Everything about this home says “Provençal farmhouse” – from the repeating stone archways to the rustic wood-beamed ceilings and gracious courtyards.
The home was built in 2002 in Hidden Hills, CA, an area best known for its Kardashian denizens, but the residence’s European roots are unmistakable. Its design sprang from a trip the owner took to southern France and northern Italy.
“It’s a very California take on a found stone structure that you could absolutely stumble across in that area,” said Gary Simons, a longtime home builder who finished construction in a speedy 16 months.
Photos by Adam Latham.
When custom homes take years and years to build, he said, it’s often because people keep changing their minds. Time isn’t the only casualty. “People try to fit all these bits they like that have nothing to do with the design they said they’re choosing, and and they end up with a mishmash,” Simons said.
He thinks the good vibe that people feel in his house comes from its consistent balance and proportion. “It reads to us, even if we don’t know design or architecture,” he said.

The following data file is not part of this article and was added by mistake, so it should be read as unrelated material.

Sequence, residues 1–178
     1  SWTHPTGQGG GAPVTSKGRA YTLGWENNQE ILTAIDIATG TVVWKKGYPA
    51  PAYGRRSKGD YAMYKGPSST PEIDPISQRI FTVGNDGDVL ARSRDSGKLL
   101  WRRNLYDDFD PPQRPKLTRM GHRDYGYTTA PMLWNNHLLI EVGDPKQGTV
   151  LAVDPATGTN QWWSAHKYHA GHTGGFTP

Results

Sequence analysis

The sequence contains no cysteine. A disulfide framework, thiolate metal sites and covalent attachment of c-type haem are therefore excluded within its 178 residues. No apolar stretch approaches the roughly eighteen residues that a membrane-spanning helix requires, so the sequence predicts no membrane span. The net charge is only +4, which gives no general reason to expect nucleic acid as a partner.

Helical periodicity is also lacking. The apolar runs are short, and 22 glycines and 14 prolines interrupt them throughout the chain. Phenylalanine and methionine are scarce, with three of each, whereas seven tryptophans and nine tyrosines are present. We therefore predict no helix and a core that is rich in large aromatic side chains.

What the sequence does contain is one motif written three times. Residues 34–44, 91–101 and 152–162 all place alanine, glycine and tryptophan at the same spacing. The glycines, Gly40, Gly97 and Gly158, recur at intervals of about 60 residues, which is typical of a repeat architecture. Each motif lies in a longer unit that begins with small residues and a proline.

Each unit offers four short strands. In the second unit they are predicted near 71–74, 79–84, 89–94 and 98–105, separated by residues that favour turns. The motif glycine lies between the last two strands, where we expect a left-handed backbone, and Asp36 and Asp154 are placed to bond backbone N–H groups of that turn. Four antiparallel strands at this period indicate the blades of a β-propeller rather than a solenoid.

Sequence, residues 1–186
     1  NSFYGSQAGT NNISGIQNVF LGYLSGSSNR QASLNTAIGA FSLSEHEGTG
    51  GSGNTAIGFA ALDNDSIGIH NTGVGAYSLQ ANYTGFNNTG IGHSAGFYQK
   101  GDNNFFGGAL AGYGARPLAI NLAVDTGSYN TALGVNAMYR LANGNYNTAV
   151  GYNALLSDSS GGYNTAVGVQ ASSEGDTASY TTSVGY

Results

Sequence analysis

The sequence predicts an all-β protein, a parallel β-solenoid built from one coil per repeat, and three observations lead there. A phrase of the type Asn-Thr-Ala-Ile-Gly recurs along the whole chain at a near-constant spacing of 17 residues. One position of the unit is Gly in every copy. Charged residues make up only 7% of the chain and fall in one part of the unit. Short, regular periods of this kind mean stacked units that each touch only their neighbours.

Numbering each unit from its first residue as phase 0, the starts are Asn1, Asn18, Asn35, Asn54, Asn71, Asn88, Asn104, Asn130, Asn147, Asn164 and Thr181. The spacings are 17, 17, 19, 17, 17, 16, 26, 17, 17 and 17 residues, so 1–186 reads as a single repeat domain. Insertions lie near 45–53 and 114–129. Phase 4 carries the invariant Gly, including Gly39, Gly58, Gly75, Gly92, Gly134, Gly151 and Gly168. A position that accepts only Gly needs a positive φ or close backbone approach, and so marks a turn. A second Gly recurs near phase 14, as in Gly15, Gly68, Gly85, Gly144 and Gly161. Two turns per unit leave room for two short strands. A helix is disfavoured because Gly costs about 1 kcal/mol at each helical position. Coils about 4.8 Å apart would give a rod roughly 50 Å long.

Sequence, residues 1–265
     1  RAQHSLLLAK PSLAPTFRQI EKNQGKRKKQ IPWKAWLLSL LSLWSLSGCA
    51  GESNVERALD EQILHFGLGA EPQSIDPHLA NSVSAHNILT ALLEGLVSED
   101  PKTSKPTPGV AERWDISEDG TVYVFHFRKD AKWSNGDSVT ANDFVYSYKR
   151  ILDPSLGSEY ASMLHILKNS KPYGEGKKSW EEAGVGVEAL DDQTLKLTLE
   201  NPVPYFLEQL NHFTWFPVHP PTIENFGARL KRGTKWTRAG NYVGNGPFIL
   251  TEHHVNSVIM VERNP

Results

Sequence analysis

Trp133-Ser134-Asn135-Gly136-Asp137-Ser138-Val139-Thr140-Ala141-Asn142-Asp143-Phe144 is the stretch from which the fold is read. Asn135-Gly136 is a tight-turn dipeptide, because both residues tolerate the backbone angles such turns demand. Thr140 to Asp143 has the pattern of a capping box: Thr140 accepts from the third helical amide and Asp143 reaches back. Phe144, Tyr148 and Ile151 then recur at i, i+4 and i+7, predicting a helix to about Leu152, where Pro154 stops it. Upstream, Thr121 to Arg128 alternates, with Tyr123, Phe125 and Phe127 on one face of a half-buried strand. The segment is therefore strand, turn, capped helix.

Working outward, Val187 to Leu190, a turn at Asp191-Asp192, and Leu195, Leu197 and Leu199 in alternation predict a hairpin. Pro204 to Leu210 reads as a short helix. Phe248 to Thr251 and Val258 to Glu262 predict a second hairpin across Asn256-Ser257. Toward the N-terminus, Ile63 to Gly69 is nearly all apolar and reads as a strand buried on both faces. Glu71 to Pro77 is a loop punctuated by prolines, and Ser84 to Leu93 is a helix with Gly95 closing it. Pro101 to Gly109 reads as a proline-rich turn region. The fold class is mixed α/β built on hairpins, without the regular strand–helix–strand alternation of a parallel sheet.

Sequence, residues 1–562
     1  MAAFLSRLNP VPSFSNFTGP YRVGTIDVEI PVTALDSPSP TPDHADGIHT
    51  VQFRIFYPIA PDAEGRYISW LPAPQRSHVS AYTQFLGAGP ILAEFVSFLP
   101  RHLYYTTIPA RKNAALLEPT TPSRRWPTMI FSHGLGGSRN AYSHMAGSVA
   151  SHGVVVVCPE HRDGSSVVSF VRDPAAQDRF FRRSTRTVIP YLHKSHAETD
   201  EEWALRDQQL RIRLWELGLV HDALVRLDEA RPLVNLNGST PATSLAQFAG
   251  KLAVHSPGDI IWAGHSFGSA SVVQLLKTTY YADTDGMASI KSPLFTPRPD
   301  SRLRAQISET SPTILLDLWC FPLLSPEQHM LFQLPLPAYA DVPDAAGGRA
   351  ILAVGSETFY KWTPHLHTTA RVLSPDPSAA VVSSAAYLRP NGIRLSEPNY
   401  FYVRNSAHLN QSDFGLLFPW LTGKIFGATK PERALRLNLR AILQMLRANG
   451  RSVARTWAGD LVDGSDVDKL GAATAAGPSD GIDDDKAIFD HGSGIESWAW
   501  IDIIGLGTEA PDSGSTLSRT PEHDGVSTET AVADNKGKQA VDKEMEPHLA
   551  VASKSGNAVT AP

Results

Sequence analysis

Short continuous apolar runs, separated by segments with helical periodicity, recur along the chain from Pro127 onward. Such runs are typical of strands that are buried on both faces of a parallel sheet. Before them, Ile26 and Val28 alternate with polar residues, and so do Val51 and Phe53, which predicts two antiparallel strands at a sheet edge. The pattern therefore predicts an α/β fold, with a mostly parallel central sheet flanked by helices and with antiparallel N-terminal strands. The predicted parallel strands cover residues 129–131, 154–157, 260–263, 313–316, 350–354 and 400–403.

Simons loves the symmetry of the home’s entrance, beginning with double archways in the front courtyard. They are topped by a pergola that’s draped with bougainvillea flowers reminiscent of a home he saw in the French village of St. Antonin du Var.
The home’s entrance gallery features stone archways on two sides — one facing the front courtyard and the other facing the back. More archways — these formed from Italian cypresses — lead from the pool to two guesthouses.
“I love that connection,” said Simons, who included a loggia with more archways in the back courtyard, right in front of the home’s gym. Above it is the master suite with a balcony rimmed with wrought iron railings.
With 6 bedrooms and 10 baths — plus guesthouses boasting 2 bedrooms each — there’s room enough for friends and family to imagine their own retreat to the French countryside.
- An Architect’s Storybook Home
- Classic New York Farmhouse with Modern Delights
- Step Inside the Spendiest Home in the Land